In Livermore, it was notable to watch the shift in both county and local policies as demonstrated at the ballot box.
By margins of way over 60%, Livermore voters approved extending sewer lines into the unincorporated wine country to provide more environmentally friendly services for large facilities.
Previously, the facilities would be served by septic tanks—the Zone 7 board has a resolution on the agenda this week to approve a septic system at Darcie Kent Vineyards on Tesla Road. Both Wente and Concannon have major production and bottling lines on Tesla—Concannon’s parent company, the Wine Group, imports and bottles wine from around the world. Wente handles its own brands as well as custom bottling for other wineries.
With both measures, which had minimal opposition, easily passing, it should amount to a shot in the arm for the Livermore Valley wine country. Reports had shown that the region had stagnated at about 50 wineries and needed adjustments in public policy to grow more.
Alameda County is headed for a potential law enforcement crisis if the current vote holds and civil rights attorney Pamela Price wins the district attorney seat over veteran prosecutor Terry Wiley. Price easily won the primary where Wiley and fellow prosecutor Jimmie Wilson split the vote. Wiley led Tuesday’s runoff after the election night results, but Price now leads by more than 6,000 votes in the 51-49% race.
She’s cut out of the same cloth as the recalled Chesa Boudin in San Francisco, George Gascon in Los Angeles (a former San Francisco DA) and other progressive prosecutors that treat perpetrators of crime lightly while ignoring the impact on citizens and merchants. Remember the theft gangs ravaging Union Square during the holiday season last year or the summer riots in Portland and Seattle. We need to be watching carefully to be sure that Oakland, which has its share of violent riots/protests, does not devolve further into lawlessness.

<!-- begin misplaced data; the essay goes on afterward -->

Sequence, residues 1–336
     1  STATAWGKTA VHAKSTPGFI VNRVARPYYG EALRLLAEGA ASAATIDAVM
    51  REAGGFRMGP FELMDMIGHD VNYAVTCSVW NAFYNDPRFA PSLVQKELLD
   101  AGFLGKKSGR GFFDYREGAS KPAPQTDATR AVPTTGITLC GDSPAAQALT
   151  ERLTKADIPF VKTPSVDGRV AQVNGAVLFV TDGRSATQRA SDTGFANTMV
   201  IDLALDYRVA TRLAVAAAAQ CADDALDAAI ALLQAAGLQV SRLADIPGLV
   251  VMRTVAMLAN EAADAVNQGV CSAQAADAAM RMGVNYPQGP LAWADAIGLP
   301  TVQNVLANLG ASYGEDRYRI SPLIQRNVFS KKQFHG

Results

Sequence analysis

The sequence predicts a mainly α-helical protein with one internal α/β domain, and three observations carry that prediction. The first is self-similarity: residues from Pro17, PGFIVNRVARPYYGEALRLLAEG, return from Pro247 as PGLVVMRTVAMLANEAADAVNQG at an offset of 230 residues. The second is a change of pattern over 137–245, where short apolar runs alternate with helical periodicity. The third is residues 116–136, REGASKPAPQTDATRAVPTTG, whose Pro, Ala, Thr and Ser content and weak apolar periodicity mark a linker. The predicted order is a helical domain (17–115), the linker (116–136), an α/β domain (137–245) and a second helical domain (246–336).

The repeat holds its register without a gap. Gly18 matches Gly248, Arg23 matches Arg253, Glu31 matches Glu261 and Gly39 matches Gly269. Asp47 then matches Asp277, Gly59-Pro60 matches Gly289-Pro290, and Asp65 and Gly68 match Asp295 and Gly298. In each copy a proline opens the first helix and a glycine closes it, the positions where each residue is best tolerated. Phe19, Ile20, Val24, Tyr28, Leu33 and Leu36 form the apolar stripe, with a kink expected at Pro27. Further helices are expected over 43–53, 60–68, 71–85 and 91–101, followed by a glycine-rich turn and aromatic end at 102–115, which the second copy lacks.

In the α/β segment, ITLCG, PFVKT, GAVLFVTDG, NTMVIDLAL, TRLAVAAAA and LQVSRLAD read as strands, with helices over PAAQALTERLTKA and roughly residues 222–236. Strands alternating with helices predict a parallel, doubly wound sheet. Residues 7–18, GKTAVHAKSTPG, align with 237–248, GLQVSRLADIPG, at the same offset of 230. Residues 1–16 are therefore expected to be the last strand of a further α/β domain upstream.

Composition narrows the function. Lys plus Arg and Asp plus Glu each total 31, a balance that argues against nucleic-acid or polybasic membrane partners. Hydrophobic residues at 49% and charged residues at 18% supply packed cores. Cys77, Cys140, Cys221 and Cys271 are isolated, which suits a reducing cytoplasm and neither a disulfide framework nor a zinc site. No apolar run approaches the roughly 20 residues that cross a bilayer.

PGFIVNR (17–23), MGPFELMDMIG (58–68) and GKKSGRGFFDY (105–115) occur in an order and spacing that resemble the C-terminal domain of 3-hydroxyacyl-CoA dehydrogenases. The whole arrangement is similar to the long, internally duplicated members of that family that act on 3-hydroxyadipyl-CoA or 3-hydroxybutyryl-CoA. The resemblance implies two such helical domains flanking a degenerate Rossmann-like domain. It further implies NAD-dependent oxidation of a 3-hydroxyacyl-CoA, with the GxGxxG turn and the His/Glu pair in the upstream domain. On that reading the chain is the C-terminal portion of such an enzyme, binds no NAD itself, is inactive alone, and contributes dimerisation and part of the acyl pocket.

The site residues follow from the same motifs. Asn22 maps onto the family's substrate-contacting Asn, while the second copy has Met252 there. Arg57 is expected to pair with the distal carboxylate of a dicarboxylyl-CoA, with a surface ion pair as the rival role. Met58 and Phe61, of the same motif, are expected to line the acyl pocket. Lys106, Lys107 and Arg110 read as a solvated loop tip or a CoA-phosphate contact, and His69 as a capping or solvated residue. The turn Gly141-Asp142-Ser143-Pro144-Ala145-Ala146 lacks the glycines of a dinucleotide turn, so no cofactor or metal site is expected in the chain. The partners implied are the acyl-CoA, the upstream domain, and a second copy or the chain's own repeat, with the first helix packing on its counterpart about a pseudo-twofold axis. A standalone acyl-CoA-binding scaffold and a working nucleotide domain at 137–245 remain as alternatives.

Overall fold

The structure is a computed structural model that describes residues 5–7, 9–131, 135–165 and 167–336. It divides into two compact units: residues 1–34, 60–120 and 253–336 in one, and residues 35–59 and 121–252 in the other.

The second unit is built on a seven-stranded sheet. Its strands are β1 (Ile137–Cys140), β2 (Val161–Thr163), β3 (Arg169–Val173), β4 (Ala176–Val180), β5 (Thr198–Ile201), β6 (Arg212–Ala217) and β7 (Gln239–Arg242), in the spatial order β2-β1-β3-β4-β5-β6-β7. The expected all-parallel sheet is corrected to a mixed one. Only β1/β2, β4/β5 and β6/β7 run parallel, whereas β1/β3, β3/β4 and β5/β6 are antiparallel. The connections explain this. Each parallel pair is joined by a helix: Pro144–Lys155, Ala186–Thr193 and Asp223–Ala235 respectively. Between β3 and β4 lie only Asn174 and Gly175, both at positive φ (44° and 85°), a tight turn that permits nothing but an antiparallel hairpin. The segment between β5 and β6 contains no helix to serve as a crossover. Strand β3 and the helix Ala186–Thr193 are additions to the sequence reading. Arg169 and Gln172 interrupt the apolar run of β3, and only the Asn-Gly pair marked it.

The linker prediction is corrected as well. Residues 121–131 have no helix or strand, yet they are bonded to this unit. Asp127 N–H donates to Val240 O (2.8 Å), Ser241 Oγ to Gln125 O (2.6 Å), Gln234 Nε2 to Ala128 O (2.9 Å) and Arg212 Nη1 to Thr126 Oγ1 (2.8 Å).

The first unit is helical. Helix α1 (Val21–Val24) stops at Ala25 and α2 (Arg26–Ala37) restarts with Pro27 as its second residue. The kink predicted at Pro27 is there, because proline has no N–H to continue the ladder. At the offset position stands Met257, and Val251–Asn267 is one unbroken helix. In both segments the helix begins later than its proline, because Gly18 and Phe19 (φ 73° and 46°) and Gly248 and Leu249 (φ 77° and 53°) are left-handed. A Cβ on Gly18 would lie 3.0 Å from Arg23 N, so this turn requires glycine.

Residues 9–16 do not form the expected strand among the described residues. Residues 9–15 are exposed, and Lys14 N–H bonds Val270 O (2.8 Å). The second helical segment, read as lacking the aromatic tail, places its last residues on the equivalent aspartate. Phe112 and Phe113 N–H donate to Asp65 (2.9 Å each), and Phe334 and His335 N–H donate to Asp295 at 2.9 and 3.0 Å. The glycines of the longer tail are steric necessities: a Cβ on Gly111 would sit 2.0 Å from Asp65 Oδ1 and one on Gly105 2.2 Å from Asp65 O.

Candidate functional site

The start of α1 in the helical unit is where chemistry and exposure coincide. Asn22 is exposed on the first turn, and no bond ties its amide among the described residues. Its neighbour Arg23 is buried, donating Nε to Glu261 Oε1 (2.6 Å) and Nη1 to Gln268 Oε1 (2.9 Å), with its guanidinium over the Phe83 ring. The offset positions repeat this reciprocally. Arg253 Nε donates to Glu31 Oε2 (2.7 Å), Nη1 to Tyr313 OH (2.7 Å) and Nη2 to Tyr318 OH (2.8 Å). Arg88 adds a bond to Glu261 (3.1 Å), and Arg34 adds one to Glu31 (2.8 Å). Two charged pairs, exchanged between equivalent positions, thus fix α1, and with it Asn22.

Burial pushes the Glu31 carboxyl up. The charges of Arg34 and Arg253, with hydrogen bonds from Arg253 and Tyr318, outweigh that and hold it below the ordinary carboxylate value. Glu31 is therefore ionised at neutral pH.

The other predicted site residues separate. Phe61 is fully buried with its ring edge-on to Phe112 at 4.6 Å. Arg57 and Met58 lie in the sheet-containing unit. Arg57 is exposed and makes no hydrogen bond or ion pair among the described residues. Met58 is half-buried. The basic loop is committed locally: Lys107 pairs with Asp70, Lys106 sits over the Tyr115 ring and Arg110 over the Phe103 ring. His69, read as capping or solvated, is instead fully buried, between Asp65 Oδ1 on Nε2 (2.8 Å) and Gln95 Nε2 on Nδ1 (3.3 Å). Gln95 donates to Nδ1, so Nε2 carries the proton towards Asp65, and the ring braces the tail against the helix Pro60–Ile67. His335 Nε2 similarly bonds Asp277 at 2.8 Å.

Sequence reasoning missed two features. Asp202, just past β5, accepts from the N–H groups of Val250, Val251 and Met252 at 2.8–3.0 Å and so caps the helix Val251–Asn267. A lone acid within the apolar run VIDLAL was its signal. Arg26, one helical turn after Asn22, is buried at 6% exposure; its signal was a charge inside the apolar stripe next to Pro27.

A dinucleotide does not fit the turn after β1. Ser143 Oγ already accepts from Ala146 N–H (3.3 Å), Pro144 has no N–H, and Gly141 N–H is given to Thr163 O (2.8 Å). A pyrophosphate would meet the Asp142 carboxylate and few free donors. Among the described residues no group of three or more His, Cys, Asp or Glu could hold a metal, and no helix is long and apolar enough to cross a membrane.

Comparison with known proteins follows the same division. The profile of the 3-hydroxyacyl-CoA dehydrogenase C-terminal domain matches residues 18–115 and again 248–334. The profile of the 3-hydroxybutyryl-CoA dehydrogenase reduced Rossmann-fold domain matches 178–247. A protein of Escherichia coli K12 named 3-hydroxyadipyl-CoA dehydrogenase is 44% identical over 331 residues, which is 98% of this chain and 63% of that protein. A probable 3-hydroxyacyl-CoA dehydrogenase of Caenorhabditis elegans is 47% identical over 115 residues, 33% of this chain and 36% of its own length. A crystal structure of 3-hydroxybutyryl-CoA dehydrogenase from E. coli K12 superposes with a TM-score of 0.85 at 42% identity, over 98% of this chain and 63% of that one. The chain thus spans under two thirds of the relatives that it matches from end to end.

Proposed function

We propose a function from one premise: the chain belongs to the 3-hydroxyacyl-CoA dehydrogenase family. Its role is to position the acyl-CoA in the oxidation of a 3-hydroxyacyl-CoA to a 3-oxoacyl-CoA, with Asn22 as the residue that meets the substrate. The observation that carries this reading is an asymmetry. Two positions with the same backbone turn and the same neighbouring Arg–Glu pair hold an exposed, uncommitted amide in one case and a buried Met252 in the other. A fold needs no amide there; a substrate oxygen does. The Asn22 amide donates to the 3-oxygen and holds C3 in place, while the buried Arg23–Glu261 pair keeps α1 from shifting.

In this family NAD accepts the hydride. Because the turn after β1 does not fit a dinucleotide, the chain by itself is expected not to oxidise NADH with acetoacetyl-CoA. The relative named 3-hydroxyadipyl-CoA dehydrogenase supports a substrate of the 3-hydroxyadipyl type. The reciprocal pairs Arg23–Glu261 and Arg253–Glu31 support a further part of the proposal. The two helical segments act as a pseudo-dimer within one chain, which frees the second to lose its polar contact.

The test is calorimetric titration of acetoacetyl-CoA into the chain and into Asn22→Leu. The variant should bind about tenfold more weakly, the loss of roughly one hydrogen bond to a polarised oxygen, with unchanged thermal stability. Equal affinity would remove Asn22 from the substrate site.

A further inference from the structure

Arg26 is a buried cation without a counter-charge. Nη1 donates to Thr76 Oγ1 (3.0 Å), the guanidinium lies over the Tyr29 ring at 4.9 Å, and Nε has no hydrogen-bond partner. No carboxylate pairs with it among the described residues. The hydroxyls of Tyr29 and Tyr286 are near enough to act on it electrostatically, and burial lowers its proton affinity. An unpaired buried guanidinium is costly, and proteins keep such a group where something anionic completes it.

As one friend remarked, he and his wife used to like to go to Jack London Square for dinner from his Pleasanton home. He grew up on that side of the hills and worked there throughout his career. Now he and his wife skip Jack London Square. Sad.
It was a happy day for members of The Club at Castlewood that celebrated the reopening of its renovated 50-year-old clubhouse Saturday evening. The place was packed—General Manager John Vest said they’d prepared for 500 and it looked like at least that many came to see the refurbished.
The prime member area is anchored by a three-sided bar and two-way fireplace in the foyer. Helped along by the open bar and the food, folks clustered there. On the other side of the building, the former member’s grill has been transformed into the fitness center with a studio. The prior makeshift gym now is the child care center.
The banquet area, which will continue to be available for rental by outside parties, received new fixtures, paint and floor treatments that freshened it nicely while maintaining its capacity. A formerly under-utilized patio now has become a showcase and will be an ideal place for a cocktail reception with stunning views over the valley after trees were thinned and trimmed.
Smiles and hugs abounded Saturday night as members enjoyed the space for the first time in about 18 months—it had been closed to allow the quickest and most efficient remodel.
Saturday afternoon swing by the Parkway Fellowship, 7485 Village Parkway in Dublin, for free drive-through prayer from members of the East Bay Healing Center. It’s one of our rare gatherings in-person since the Covid lockdowns and we are delighted to invite anyone to come by for prayer for any need or simply a blessing. First come, first serve, no reservations necessary.
Editor's note: "Tim Talk" is a blog written by Tim Hunt, a native of Alameda County. Hunt spent 39 years in the daily newspaper business and wrote a column for more than 25 years in addition to writing editorials for more than 15 years.